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Adding barriers to anything will reduce it's participation and the level of success one could achieve in that field.
 

Remius

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The fact that you have to go through many hoops to get a pistol in the first place is probably already discouraging people from getting into sports shooting. I am sure this law will add more discouragement to that.
 

Eaglelord17

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It is kind of ironic one of the arguments for getting rid of the Restricted pistols is how many have been imported in the last two decades, when they created the conditions for it. When you think about it the Liberals banned about 50% of the firearms in Canadian hands in 1994. 'Short barrelled' handguns were extremely popular, particularly when a 4" barrel qualified as short. Most revolvers were 4" as it was a good balance between the larger sizes and the pocket pistols. Many other service pistols (notably the Luger among others) were also placed in the prohibited category, as well as any gun in .32 or .25 (which there are a ton of .32 pistols out there, some quite large). The result being anyone who got into pistol shooting after 1994 couldn't acquire many of the pistols in Canada and as such due to supply and demand resulted in a lot being imported to make up for it.

I am willing to bet if they didn't create the 12.6 class there wouldn't have been nearly as many pistols imported as it would just have been a slow increase in purchases.
 

Brad Sallows

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People currently enjoying the sport without access to a licensed facility arent law abiding gun owners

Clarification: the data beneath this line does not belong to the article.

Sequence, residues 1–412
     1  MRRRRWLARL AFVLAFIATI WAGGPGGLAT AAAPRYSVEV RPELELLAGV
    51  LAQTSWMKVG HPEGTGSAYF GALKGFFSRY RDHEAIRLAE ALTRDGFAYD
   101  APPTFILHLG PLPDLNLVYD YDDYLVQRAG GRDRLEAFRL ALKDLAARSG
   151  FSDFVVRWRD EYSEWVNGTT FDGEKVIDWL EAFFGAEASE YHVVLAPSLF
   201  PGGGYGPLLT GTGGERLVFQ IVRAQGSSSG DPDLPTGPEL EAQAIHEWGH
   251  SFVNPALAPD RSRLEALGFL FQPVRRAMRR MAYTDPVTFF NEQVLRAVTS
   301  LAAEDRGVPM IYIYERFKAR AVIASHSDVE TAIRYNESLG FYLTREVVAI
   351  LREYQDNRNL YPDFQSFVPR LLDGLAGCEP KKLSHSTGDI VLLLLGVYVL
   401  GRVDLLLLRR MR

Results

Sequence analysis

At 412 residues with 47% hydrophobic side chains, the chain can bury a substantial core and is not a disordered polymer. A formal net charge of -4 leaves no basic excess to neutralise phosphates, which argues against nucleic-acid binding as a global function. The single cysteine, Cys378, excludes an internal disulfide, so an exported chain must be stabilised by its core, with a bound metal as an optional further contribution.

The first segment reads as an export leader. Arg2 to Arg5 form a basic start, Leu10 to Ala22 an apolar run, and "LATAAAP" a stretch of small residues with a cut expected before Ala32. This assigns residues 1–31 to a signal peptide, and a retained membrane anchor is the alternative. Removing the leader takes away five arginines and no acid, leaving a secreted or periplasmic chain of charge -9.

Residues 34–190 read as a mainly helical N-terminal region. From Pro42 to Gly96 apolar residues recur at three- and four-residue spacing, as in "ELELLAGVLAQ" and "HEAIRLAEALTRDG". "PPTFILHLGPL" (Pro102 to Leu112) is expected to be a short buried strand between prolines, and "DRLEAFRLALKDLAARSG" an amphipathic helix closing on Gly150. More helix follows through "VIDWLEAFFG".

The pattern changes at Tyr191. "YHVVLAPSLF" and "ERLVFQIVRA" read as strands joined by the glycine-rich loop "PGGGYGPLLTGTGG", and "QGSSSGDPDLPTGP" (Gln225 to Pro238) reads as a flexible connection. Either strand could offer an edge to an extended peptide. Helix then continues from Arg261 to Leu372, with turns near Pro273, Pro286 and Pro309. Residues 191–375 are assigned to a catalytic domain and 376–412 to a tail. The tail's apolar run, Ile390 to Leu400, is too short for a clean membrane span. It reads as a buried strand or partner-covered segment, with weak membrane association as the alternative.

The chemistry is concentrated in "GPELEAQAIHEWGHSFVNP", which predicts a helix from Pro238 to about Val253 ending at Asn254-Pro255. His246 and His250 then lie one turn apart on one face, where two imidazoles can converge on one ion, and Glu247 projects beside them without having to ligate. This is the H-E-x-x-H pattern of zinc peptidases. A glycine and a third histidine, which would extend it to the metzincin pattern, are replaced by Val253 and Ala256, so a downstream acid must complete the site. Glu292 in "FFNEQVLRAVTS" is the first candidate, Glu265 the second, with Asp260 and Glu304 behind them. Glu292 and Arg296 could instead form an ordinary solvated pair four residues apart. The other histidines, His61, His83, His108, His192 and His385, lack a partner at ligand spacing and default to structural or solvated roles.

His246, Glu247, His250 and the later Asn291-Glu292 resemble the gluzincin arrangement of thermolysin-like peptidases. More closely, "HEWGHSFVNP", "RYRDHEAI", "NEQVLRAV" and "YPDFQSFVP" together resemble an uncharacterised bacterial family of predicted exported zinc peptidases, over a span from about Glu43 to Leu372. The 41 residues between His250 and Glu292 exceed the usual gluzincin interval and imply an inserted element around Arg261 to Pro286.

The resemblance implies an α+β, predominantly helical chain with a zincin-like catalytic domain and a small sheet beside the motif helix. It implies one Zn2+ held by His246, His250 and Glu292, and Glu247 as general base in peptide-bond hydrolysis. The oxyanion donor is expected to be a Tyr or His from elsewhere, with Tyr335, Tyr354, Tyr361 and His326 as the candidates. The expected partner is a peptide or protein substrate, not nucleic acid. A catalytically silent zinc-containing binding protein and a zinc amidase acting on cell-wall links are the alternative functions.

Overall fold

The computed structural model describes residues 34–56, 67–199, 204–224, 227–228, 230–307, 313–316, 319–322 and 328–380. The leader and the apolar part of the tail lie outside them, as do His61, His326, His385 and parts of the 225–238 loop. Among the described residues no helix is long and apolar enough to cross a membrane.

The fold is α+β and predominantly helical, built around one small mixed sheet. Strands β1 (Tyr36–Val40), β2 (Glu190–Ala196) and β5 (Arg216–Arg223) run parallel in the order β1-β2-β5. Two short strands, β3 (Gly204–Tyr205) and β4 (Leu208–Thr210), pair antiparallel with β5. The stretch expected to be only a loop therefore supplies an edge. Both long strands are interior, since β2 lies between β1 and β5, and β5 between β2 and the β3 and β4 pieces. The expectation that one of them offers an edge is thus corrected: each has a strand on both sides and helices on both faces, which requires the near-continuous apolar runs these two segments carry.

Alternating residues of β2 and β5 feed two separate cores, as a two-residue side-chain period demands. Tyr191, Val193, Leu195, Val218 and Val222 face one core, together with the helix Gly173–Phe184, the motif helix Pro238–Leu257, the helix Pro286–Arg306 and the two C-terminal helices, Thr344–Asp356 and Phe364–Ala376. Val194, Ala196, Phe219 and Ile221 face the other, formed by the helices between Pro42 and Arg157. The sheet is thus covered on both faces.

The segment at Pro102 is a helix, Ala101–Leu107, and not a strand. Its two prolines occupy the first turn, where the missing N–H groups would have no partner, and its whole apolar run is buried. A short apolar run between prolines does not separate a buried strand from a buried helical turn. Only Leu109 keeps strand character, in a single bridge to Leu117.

Sure. But the people currently enjoying the sport lawfully aren't limited by facilities that don't care to provide all the equipment.
 

Fishbone Jones

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Yup. As I've said, plenty of arguments against. "Can't learn to shoot without owning" isn't one of them, and the raw petulance of it detracts from the credibility of the others.
May I ask a few questions? There is no requirement to answer, of course.

How long have you had a PAL with Restricted or Prohibited as a condition?
Do you own restricted or prohibited firearms?
Do you belong to a sanctioned range?
 

Jarnhamar

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Yup. As I've said, plenty of arguments against. "Can't learn to shoot without owning" isn't one of them, and the raw petulance of it detracts from the credibility of the others.
What's the name of that NHL player that never owned skates or a stick and just rented them at the hockey rink?
 

Remius

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People currently enjoying the sport without access to a licensed facility arent law abiding gun owners
Imagine having to use hockey sticks and skates from a facility instead of your own to get into competitive hockey.
 

IKnowNothing

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Imagine having to use hockey sticks and skates from a facility instead of your own to get into competitive hockey.

A-not the same scope of involvement
B-hygiene
C- you are legally allowed to use hockey equipment away from said facility
D- regular use at different facilities in short timespans (next day if not same day) normal.

As long as ranges are allowed and willing to keep, maintain, and provide equipment on site, the ability to take the equipment from the only space youre allowed to use it to store it at home is not necessary for the viability of the sport.

May I ask a few questions? There is no requirement to answer, of course.

How long have you had a PAL with Restricted or Prohibited as a condition?
Do you own restricted or prohibited firearms?
Do you belong to a sanctioned range?
No no and no. Hence fudd.

I also dont own skis, am not and have not ever been a member of a ski club, and yet I can handle pretty much any black diamond in Ontario(not that that says much)